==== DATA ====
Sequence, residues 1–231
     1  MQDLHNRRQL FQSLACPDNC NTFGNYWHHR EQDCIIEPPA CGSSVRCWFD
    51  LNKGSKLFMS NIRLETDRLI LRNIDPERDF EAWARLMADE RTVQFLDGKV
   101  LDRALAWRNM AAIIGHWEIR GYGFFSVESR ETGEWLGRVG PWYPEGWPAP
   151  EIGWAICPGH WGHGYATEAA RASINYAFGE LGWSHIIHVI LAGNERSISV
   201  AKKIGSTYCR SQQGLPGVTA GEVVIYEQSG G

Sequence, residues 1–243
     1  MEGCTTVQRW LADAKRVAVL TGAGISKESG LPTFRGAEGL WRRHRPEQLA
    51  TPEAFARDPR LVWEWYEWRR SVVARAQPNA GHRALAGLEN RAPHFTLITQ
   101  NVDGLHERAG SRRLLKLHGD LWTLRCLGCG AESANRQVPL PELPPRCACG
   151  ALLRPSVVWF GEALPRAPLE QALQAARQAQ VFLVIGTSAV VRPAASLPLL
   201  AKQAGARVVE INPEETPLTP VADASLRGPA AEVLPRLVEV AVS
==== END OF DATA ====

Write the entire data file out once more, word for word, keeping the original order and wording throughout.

Sequence, residues 1–231
     1  MQDLHNRRQL FQSLACPDNC NTFGNYWHHR EQDCIIEPPA CGSSVRCWFD
    51  LNKGSKLFMS NIRLETDRLI LRNIDPERDF EAWARLMADE RTVQFLDGKV
   101  LDRALAWRNM AAIIGHWEIR GYGFFSVESR ETGEWLGRVG PWYPEGWPAP
   151  EIGWAICPGH WGHGYATEAA RASINYAFGE LGWSHIIHVI LAGNERSISV
   201  AKKIGSTYCR SQQGLPGVTA GEVVIYEQSG G

Sequence, residues 1–243
     1  MEGCTTVQRW LADAKRVAVL TGAGISKESG LPTFRGAEGL WRRHRPEQLA
    51  TPEAFARDPR LVWEWYEWRR SVVARAQPNA GHRALAGLEN RAPHFTLITQ
   101  NVDGLHERAG SRRLLKLHGD LWTLRCLGCG AESANRQVPL PELPPRCACG
   151  ALLRPSVVWF GEALPRAPLE QALQAARQAQ VFLVIGTSAV VRPAASLPLL
   201  AKQAGARVVE INPEETPLTP VADASLRGPA AEVLPRLVEV AVS